A child of one’s time

Did you ever wonder how we not only managed to survive, but even managed to be happy in the previous century, let’s say 10-15 years ago?
Maybe you still remember how it was, maybe you don’t. Depending on your age, probably. My kids definitely don’t understand how we did it back then, how we managed to meet up with people or arrange things without cell phone. Now we send 5 to 10 messages back and forth before we actually see each other in the street or in a bar. How else can you meet up?

In those days you still had to ask people if they had a cell phone, if they had an email address. It was more an exception then a rule. A cell phone was used to make calls or to send text messages. Things have definitely changed a lot over the last few years. Now a cell phone can not only be used to call and send text messages, you can also Viber, Skype, Whatsapp, iMessage and a lot more, over the 3G network. It has certainly expanded our vocabulary, that’s for sure: ‘Shall we Viber today?’, ‘Send me a whatsapp!’, ‘Let’s Skype now!’.

Sometimes I wish I was more the conservative kind of person, sticking to the simple phones, but mostly I am just annoyed or stressed when a family member or a friend from overseas complains not being able to contact me, and then I wonder how they can live on their (non-communication) island with their non-iPhone. I know, it is ridiculous, but one can get addicted to the constant ringing, buzzing, singing phone, addicted to the constant being in contact with friends at the other side of the world. Wether this be business or pleasure, exchanging interesting information or just goofing. It’s just contact. And I love it.

But what happens when you, accidentally of course, knock over a glass of water on your phone? I have been through this before once, and after about 24 hours of apparent dead, it started working again, so this time I stayed really calm and decided to enjoy the day of silence. One thing I learned in Argentina is to have patience. Never panic. It was only my daughter who was upset, shouting “Mom! This must be the 6th time you do this!!!” and I wonder, isn’t it usually the moms who reproach their kids doing something wrong, exaggerating the facts, and not the other way around?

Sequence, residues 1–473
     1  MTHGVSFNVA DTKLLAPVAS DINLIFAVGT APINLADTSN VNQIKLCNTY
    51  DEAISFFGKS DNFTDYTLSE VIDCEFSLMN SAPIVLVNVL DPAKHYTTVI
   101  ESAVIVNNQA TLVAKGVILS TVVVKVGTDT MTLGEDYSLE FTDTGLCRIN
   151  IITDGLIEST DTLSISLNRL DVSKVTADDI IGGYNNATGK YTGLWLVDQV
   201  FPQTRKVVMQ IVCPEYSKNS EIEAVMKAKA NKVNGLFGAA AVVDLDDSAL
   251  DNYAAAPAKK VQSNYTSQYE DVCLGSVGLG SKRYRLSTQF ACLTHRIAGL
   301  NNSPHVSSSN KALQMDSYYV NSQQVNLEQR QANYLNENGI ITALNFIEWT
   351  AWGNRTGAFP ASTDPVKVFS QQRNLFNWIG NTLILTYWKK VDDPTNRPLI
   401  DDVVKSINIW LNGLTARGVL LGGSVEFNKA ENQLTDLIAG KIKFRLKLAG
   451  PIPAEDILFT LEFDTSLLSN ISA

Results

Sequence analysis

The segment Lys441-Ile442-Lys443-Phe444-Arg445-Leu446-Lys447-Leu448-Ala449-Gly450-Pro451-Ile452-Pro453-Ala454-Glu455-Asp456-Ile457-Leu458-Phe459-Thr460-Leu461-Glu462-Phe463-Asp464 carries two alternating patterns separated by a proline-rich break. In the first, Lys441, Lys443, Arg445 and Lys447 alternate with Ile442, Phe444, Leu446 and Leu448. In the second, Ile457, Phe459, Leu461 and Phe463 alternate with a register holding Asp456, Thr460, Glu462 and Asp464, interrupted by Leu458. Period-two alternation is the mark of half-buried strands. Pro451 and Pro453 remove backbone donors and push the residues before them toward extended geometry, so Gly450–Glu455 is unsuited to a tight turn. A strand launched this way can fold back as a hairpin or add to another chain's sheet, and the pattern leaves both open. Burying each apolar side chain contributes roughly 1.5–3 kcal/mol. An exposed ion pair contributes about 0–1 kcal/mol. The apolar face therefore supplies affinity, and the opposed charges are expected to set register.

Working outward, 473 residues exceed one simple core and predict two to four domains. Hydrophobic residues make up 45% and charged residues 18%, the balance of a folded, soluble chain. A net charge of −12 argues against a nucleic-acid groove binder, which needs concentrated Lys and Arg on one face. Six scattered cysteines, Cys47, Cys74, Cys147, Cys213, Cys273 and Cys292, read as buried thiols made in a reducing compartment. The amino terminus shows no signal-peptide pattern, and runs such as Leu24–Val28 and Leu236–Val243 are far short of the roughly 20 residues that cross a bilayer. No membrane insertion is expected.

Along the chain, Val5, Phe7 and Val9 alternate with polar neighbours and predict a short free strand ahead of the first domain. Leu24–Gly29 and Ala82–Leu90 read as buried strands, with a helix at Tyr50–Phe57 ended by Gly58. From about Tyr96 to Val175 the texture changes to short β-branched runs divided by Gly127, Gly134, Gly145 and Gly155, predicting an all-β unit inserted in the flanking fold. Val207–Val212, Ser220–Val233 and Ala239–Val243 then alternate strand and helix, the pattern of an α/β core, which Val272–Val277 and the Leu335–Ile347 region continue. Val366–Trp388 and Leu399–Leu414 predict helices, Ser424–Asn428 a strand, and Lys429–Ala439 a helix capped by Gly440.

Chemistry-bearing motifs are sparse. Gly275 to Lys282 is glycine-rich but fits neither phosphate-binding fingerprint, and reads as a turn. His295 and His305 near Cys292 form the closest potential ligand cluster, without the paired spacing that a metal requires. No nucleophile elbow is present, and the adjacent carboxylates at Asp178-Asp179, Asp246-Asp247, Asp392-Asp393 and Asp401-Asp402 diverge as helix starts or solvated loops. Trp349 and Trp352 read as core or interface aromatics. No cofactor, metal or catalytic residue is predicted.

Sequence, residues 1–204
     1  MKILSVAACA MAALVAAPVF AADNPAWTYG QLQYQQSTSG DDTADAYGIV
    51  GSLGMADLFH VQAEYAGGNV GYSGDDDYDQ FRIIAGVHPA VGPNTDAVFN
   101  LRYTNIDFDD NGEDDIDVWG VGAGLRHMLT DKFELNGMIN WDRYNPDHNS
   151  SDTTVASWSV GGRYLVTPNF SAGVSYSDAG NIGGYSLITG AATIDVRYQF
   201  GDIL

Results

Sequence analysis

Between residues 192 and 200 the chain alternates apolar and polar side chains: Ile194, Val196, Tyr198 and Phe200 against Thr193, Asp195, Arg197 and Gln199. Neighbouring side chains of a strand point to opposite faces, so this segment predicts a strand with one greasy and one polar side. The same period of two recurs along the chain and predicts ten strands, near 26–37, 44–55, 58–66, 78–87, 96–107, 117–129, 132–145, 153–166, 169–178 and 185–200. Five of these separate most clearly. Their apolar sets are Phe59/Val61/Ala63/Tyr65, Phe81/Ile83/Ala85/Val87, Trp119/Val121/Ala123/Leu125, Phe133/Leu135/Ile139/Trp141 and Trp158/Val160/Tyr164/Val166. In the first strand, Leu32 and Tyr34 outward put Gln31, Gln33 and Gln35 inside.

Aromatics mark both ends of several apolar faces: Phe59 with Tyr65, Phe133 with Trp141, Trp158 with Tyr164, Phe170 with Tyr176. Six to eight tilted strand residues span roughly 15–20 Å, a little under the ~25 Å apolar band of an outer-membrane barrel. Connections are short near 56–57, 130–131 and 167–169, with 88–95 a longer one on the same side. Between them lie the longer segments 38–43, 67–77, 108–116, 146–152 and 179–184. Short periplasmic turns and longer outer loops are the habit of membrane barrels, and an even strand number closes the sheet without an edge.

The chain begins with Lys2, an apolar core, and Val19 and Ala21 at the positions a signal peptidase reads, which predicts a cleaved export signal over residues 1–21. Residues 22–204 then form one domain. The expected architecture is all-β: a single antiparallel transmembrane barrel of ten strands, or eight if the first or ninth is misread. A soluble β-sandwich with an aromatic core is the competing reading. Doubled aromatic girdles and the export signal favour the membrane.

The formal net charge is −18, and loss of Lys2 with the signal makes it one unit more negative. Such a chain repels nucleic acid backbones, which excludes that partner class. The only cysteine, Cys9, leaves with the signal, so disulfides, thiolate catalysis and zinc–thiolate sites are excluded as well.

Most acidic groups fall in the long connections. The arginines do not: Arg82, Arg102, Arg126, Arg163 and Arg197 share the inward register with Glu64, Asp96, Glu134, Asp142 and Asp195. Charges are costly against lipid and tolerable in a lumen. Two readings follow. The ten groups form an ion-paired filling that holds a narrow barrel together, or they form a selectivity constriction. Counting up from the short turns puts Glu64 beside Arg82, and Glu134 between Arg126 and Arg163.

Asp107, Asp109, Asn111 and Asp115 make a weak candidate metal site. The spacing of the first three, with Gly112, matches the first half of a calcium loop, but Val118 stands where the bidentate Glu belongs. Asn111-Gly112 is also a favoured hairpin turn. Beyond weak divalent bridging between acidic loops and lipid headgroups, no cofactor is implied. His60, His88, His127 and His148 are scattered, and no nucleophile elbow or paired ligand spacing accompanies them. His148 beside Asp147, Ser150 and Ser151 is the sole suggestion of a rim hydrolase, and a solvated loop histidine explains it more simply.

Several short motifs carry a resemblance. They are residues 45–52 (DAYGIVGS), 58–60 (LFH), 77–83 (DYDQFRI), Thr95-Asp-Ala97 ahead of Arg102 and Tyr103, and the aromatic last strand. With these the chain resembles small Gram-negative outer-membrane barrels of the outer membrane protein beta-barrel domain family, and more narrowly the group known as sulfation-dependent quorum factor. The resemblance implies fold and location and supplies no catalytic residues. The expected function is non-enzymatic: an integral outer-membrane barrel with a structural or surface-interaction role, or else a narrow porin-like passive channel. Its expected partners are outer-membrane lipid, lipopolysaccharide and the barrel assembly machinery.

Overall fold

But then one day becomes two, two becomes three and I realise that, communication-wise, I am back into the previous century for an indefinite period. My phone is broken, dead, kaput. And they don’t sell iPhones in Argentina. I am back to a call-me-only phone, and read-emails-on-my-computer. I will (have to) get used to it. My friends will get used to it.

But then I woke up and we are out of internet. It’s not just us, it’s the whole street, so we should not be feeling bad about this. We are not alone. If ever this can even console us. Patience will make us strong. Again. Fortunately there’s free wifi everywhere here in town, so I guess we will be going out a lot.

I am definitely a child of my time…

6 responses to “A child of one’s time”

  1. Imagen how it was 30/35 years ago when a telephone line was a luxury in Argetnina and an apartment with telephone line was more expensive than the phoneless one, i.e. a two room flat with telephone cost the same then a 3 rooms flat without phone…
    The thing changd in the early 90’s

    • It really is amazing how things changed in the last few years, and we seem to forget how it was before.
      I remember talking to a Belgian who moved to Argentina as a kid in the fifties, they wrote letters to their family in Belgium that were on their way for 3 months, they only called on special occasions, and arranged 24h in advance to do so… (how this actually worked, I don’t know). I would probably never have moved here if there hadn’t been a good communication.

    • Haha I love this one!!!

      Well and after 10 days of drying, my phone started working again, so I guess it is worth its money : it’s waterproof!!! How many phone are??? LOL!

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